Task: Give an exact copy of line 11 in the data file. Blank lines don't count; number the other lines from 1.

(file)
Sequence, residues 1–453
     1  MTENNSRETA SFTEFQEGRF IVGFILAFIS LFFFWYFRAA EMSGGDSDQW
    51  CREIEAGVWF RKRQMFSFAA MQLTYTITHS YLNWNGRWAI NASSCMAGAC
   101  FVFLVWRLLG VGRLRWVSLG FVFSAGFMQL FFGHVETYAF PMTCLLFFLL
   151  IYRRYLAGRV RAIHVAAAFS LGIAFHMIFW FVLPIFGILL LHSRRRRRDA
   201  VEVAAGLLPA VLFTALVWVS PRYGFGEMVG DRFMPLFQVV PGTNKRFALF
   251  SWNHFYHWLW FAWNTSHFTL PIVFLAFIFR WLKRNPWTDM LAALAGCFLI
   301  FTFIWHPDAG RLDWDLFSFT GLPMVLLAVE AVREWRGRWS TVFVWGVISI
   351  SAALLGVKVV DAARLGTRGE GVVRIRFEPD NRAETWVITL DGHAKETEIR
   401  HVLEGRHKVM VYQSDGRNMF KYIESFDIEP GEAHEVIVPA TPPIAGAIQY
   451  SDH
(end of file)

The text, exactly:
   451  SDH